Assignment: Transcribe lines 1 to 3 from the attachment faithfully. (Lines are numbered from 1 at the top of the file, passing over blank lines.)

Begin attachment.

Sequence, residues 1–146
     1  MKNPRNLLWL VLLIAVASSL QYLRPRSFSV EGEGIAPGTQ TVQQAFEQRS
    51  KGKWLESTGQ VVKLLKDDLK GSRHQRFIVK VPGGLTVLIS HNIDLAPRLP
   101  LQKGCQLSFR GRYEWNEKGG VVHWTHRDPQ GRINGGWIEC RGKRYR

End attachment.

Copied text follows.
Sequence, residues 1–146
     1  MKNPRNLLWL VLLIAVASSL QYLRPRSFSV EGEGIAPGTQ TVQQAFEQRS
    51  KGKWLESTGQ VVKLLKDDLK GSRHQRFIVK VPGGLTVLIS HNIDLAPRLP